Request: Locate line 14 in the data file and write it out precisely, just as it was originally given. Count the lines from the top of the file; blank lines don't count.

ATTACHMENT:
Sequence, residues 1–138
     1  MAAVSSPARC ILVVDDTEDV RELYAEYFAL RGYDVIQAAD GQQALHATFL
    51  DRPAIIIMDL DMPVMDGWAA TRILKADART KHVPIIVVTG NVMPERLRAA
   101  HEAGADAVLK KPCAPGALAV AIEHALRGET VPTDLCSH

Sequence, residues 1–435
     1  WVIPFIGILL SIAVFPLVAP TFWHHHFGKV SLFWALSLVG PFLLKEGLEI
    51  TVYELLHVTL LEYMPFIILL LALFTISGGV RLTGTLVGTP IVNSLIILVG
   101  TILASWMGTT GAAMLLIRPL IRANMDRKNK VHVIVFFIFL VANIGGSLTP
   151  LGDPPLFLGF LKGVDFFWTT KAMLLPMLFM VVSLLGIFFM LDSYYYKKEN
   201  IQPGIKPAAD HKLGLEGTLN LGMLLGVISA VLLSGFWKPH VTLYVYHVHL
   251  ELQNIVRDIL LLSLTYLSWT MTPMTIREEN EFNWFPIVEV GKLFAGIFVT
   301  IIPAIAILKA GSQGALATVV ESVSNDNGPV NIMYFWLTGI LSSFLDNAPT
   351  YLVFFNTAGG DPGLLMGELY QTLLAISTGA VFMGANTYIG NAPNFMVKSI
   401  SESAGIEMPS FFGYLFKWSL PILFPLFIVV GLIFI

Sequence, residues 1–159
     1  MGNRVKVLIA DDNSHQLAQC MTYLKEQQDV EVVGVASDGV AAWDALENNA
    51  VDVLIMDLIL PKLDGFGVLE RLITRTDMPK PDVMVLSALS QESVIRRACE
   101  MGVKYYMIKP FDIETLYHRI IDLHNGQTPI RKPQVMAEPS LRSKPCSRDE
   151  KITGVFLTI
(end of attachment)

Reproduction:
   401  SESAGIEMPS FFGYLFKWSL PILFPLFIVV GLIFI